An Expert's Advice For Perfecting Your Homemade Kimbap

If you're unfamiliar, kimbap (also commonly written as gimbap) is a Korean dish that resembles sushi and consists of rice, seaweed, and various fillings. While both kimbap and sushi can generally be defined as rice rolls with various ingredients inside, the two are distinct from one another in key ways. For example, sushi typically includes raw seafood, while kimbap usually contains cooked ingredients. Another important difference is in the seasoning. Sushi is seasoned with sushi vinegar, while kimbap is seasoned with sesame oil.

And much like sushi, it can definitely be overwhelming to approach making kimbap at home. But it doesn't have to be! Tasting Table spoke with an expert, Chef Ji Hye Kim, the founder of Miss Kim, a Korean restaurant located in Ann Arbor, Michigan, for the inside scoop on how to make kimbap at home, and why you should try it. When asked for advice on perfecting homemade kimbap, Kim said, "Don't overthink it! Instead of trying to stick to the fillings you've seen in a recipe, have fun making your own combination of flavors." Luckily, Kim's advice didn't stop there. Here are her four key tips to keep in mind.

Make sure the fillings aren't too wet

When it comes time to choose your kimbap fillings, it's important to keep a couple of things in mind. First and foremost, the fillings cannot be too wet. Kim suggests using ingredients like cucumbers, carrots, zucchini, and kimchi, and she also suggests drying them out in advance. For cucumbers, you can sprinkle salt onto slices (which will help draw out the water) and use a paper towel to pat them dry. For ingredients like carrots and zucchini, pan-frying them will remove some of that unwanted moisture. As for kimchi, be sure to squeeze out any juice before adding it to the kimbap.

Taking the time to dry the ingredients is essential. The last thing you want is to bite into a kimbap and be overwhelmed by excess moisture. Alongside avoiding moisture, Kim had another texture suggestion: "Think crunchy! Make sure you're adding something crunchy in there, like pickled yellow radishes or cucumber slices."

Think about balance when picking your fillings

Kim's next tip is all about balance. She said, "You wanna make sure you're going for a good balance of flavor and nutrients." In other words, you don't want to include too much of any one category of food. Kim noted that common kimbap protein ingredients include eggs, bulgogi, tuna, roasted chicken, and firm tofu.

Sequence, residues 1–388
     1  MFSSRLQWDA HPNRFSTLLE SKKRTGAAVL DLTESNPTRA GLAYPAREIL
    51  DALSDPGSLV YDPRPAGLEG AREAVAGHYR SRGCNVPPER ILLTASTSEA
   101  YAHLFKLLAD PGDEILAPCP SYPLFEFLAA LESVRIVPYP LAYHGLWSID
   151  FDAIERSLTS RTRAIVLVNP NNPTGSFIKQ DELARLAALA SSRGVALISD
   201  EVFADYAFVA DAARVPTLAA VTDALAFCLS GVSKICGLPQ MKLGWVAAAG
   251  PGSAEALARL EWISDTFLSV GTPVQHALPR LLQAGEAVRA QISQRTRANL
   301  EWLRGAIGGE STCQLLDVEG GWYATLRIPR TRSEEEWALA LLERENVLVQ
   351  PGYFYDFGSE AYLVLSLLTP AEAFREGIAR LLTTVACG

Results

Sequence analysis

As for how many types of protein to include in one kimbap, Kim suggests no more than two. Depending on how many other ingredients you want to include, it may even be best to stick to just one protein to avoid overstuffing. In the same vein, Kim explained that you'll want to include salty items as well, but that it's important to make sure the kimbap doesn't get too salty. Kim said to stick with "only one or two pickled items to play with other vegetables."

So, when choosing your fillings, aim for both variety and balance.

Make sure to roll the kimbap tightly

Assembling kimbap involves the following steps: Laying out the seaweed, spreading the rice out over the majority of the seaweed with about one or two inches left open at the top, then laying out the fillings over one portion of the rice. From there, you roll it up.

When it comes to the rolling part of the process, Kim stressed the importance of rolling it tightly but not too tightly. Again, balance is important. Kim said, "You want to make sure that the roll is tight and tucked in. Think rolling burritos. You want a tight enough roll that all the filling will stay in once you roll and cut them, but not so tight that [the] seaweed will pop."

It is a common practice to use a rolling mat, which is placed underneath the seaweed during preparation to help achieve the perfect roll.

Use a sharp knife to cut

The final step in making kimbap is to cut the roll into even pieces, typically about ½ inch thick. While they certainly don't have to be perfect since it's homemade, you will still want to cut the pieces as cleanly as possible. A high-quality knife is essential for this step. Kim said, "You don't want to do all that work and then butcher the kimbap when slicing. Having a sharp knife will help you make clean cuts and slices."

Once you have your sharp knife ready, there is a certain technique that Kim says is the most effective. She explained, "First you want to use a short sawing motion to cut through the outside seaweed. Once you slice into the top of the kimbap, through the seaweed, then you can slice through faster."

Of course, it's okay to not get it just right the first time around. Hopefully, Kim's advice will encourage you to keep making homemade kimbap. If you need a recipe to follow, you can start with Tasting Table's veggie kimbap.